To close reef a modern double topsail, the upper half is merely furled. No so simple the old style single sails. Most of them had three reefs, some four. The yard was lowered to the cap (or lower masthead). The sail was then gathered in fold by means of clewlines and buntlines. Next, the reef tackle was manned, both sides and the outer edges or leech being hauled to the proper reef earring. This earring was lashed to the yard arm. The reef points were tied around the sail, which was then hoisted reefed. This operation sometimes took hours of heartbreaking labor in foul weather. The above diagram shows;
  1. The tip of the yard arm.
  2. The upper corner of the topsail.
  3. The chain sheet of the topsail.
  4. The iron jackstay to which the head of the sail is lashed.
  5. The pendant for the brace to swing the yard.
  6. The foot rope with its supporting stirrup.
  7. The Flemish horse, an extention of the foot rope.
  8. The iron ring at the tip of the yard, through which the studding-sail boom is run outboard.
  9. The reef tackle.


The above diagrams give the basic formulas for all squared sails.
Figure 1 shows the mainsail set, with the gear for furling it, from aft looking forward.
The upper edge or head is lashed to an iron rod running from one end of the yard to the other through eyebolts in its top; this rod is called the jackstay. The outer edges (leeches) of the sails, port and starboard, are called weather or leeward under way. All corners are called clews.
At the command "Clew up the mainsail," both lower corners are hauled up to the yard close to the mast by the clew tackles or clewlines. Then the buntlines (which lead from the yard to the foot of the sail) are used to bundle up the sail into loose folds, spilling the wind. The leech lines gather in the outer edges and the sail is then loosely furled as in Figure2.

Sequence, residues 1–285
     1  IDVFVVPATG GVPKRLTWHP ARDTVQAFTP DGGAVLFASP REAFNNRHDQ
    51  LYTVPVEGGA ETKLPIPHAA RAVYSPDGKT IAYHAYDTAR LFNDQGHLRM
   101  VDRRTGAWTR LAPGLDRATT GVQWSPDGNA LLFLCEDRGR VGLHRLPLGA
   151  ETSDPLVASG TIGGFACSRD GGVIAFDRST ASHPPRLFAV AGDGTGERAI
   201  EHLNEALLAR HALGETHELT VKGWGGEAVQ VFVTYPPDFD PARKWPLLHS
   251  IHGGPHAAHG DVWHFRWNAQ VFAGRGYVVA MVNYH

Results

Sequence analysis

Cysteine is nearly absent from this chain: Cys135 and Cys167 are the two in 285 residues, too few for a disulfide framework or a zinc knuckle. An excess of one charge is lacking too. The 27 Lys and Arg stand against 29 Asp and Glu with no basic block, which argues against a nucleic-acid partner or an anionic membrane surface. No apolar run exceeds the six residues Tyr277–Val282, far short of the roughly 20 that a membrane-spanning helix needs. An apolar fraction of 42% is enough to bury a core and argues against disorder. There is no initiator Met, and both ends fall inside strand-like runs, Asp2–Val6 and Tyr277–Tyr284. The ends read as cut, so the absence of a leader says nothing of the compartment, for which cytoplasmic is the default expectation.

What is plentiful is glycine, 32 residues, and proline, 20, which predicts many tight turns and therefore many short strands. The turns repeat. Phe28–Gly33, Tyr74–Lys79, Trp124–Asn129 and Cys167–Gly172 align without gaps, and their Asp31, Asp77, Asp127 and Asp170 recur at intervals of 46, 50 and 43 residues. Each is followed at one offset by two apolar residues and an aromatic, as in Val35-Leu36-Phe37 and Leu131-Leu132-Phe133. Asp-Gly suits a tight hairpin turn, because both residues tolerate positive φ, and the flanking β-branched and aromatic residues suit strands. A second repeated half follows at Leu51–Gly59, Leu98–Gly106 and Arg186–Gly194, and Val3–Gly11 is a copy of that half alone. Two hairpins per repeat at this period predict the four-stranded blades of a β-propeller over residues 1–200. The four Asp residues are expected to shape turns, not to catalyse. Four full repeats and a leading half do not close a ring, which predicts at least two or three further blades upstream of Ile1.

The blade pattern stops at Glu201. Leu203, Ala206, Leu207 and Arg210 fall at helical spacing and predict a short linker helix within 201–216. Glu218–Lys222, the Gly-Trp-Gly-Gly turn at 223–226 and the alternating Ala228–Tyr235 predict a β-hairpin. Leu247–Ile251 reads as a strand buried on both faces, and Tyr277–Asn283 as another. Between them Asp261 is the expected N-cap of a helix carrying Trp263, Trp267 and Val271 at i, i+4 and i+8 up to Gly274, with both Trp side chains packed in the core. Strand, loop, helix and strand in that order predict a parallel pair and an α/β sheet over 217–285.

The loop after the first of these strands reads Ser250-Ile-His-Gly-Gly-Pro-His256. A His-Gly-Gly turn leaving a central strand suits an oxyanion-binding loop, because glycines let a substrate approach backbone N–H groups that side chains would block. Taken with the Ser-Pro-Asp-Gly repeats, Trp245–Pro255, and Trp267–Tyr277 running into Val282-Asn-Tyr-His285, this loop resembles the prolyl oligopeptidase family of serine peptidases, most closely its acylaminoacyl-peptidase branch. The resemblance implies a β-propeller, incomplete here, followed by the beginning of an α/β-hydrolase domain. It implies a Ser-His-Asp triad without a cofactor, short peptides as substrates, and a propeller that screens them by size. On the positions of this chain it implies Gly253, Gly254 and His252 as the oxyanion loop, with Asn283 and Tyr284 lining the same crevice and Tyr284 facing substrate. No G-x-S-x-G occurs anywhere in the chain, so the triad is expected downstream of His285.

At the command "Lay aloft and furl," the men scramble up the rigging and out on the yard by means of the foot ropes, bundle the sail into a tight roll, lash it securely with gaskets (short ropes on the yard for that purpose), and the operation is complete.

The diagrams above show the yards as they are when all sail is set, and the lead (as in leader) of the braces. Only the starboard braces are shown. The port braces are the same. The main brace and the fore brace are shown seperately. They are fitted with extra gear (purchases) to aid in swinging the ship's heaviest yards and largest sails.
The fore brace leads to a block on the forward end of the main channels; the main brace leads to a heavy timber called the bumpkin, projecting from the ship's side close to the stern. The hauling parts of both these braces lead to blocks fitted in the main rail directly above the standing end. The lower-topsail braces for both masts lead to similar blocks each a foot or so aft of its mate.
In beating to windward, the lower yards are braced in as far as they will go; the upper yards are not braced quite so far in. In running before the wind, the yards are square with the keel. In any other wind abaft the beam, the yards are squared with the direction of the wind.
The lower yards are neither hoisted nor lowered but suspended by heavy chain slings from the crosstrees; they swing on strong iron swivels called cranse irons. All the upper yards are hoisted and lowered by halyards and tyes secured to iron rings called parrels. The parrels are fastened firmly to the center of each yard; leathered and greased, they travel freely up and down the mast.

Welin davits swing the boat outboard by means of a ratchet gear. With gravity type davits the boat cradle, when released, slides down inclined skids; the arms then swing the boat outboard.

The helm is an important and outstanding object on a ship's deck. The double wheel in the illustration above belongs to the U.S.S. "Constitution". This ship also had an emergency steering gear between decks, less exposed to gunfire. In contrast is the diamond-geared iron wheel of the coaster "Lizzie D. Small" (c.1866), shown above right.